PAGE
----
01/06/2015 06:42 BST | Updated 01/06/2015 06:59 BST

Stephen Hawking: I Fear Disabled Students With My Kind Of Condition Will Be Affected By Cuts

Ian West/PA Wire
Stephen Hawking attending the UK Premiere of The Theory of Everything at the Odeon Leicester Square, London.

Stephen Hawking has voiced his fears students with conditions similar to his will not receive the support they need to succeed due to funding cuts.

The world-famous physicist was speaking at his former Cambridge Gonville and Caius college, where he studied during the 1960s.

The college modified part of its site so Hawking could continue to live there, and even flew him back in a chartered plane when he fell ill in Switzerland in the 1980s.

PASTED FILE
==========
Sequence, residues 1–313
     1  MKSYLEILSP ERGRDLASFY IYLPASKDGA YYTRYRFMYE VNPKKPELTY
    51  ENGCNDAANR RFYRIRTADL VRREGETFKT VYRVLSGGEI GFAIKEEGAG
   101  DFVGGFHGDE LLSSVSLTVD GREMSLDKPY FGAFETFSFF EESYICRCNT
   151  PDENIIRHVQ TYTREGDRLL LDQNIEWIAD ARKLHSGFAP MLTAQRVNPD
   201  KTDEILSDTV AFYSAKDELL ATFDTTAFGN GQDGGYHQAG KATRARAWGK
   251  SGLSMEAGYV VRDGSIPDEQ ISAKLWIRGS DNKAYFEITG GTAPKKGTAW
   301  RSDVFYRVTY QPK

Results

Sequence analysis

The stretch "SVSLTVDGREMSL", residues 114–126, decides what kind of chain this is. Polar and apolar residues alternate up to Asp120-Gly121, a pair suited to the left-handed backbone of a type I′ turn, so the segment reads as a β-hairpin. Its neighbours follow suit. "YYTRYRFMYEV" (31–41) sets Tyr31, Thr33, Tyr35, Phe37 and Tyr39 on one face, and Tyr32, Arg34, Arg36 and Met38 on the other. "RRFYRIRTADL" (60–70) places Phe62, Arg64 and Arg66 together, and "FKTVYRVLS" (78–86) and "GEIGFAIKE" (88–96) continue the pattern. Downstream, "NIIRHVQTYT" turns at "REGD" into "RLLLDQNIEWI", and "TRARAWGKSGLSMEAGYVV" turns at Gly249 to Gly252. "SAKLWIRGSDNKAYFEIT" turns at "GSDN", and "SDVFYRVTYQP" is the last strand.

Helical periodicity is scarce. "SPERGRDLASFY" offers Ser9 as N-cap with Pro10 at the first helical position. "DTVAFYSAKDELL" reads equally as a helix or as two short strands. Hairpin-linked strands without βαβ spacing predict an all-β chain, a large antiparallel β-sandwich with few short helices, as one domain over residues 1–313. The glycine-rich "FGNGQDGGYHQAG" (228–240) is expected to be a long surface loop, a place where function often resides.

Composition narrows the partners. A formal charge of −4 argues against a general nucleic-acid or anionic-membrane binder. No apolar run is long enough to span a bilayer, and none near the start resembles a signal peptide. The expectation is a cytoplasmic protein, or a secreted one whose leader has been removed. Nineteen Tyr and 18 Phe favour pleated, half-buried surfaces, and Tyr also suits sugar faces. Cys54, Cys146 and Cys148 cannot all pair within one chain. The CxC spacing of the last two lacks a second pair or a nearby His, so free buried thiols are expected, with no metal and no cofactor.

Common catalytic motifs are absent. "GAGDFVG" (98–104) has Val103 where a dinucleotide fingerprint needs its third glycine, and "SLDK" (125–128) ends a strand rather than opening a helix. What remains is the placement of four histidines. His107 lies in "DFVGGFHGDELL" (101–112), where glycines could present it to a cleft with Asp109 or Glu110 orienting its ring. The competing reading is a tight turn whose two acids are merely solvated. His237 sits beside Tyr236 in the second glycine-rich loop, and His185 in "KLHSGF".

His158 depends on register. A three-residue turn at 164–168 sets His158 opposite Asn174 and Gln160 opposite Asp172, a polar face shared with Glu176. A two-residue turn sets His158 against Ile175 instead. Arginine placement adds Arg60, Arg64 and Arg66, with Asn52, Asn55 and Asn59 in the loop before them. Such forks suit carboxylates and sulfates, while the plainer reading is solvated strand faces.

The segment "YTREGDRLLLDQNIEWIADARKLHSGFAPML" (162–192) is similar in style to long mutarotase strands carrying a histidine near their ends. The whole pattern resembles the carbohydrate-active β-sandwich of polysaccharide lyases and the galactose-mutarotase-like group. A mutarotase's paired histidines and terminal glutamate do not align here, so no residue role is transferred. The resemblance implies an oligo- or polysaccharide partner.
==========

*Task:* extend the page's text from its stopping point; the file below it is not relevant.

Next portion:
"I was then in Addenbrookes Hospital for quite a time, unable to speak or hold anything," he told students.

"During that time my students participated in a rota to keep my mind occupied by reading to me, I was even able to laugh at the funny bits."

Although he praised the college for its support, the 73-year-old mused: "I wonder whether a young ambitious academic, with my kind of severe condition now, would find the same generosity and support in much of higher education.

"Even with the best goodwill, would the money still be there? I fear not."

Last year, the government announced it would be postponing its controversial cuts to the Disabled Students' Allowance until 2016-17.

DSA can pay for assistance including specialist equipment such as computer software, non-medical helpers, like a note-taker or reader, or extra travel costs. The changes were intended to make universities take more responsibility for the costs.

Stephen Hawking's Life In Science